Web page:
This is a quick and dirty thing I whipped up a couple of years ago, and now it's come in handy again. It's a program that watches directories for added and removed files, and then launches a program that can then react to the change. In this case, on each machine I want notifications on, I have it watch the Dropbox folder where IFTTT creates the text files. e.g.
It has a text configuration file kind of like cron. Here's mine from Ruxton:
+ Dropbox/Linky/Ruxton ruby /Users/sjs/bin/linky-notify
That tells NorthWatcher to run
ruby /Users/sjs/bin/linky-notify when files are added to the directory
NorthWatcher is on GitHub and npm. Install node and then run
npm install -g northwatcher. After creating the config file at
~/.northwatcher you can run it automatically using this launchd config file. Drop that in
~/Library/LaunchAgents/net.samhuri.northwatcher.plist. Don't forget to update the working directory path, and run
launchctl load ~/Library/LaunchAgents/net.samhuri.northwatcher.plist to load it up (afterwards it will load on boot).
Finally, we have the last two components of the system. A short Ruby program (
/Users/sjs/bin/linky-notify) that reads in all the files NorthWatcher reports as added, and uses
terminal-notifier to show a native OS X notification for each link. After displaying the notification it moves the text file into a subfolder named
Archive, so I have a record of all the links I have sent myself.
You can get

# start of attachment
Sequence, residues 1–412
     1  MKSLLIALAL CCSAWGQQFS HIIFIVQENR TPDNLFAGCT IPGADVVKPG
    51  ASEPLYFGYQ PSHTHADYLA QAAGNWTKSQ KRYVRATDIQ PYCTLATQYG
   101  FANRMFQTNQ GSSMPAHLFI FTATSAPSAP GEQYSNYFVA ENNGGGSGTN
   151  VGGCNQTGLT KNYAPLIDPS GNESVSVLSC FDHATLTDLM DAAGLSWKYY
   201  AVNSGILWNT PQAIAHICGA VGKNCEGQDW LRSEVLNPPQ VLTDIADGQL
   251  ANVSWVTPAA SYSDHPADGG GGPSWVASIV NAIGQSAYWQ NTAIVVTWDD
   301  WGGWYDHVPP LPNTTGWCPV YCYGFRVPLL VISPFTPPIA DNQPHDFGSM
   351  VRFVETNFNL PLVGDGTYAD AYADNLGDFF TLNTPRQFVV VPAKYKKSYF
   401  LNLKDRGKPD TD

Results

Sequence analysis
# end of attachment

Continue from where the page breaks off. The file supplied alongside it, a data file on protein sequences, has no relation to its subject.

terminal-notifier with homebrew in a few seconds:
brew install terminal-notifier. After you have used
terminal-notifier you will be able to go into Notifications in System Preferences and change it from Banners to Alerts. Banners are transient, while Alerts are persistent and have action buttons:
It may not be exciting, but as someone who typically suffers from NIH syndrome and writes too much from scratch, I found it pretty rewarding to cobble something seemingly complicated together with a bunch of existing components. It didn't take very long and only involved about 10 lines of code. It's not exactly what I wanted but it's surprisingly close. Success!
If you like that sort of thing then you might want these tones that I whipped up. The first pack is a few Zelda ringtones along with a few more SMS tones. Most of them are from A Link to the Past.
The second pack is two Pacman tones.
Does this even warrant any comments on why it's already a massive failure? The many, many drawbacks seem so apparent I cannot believe this escaped from their drawing board.
rather than coming to the table to find solutions to a problem that all now seem to agree is very real and damaging.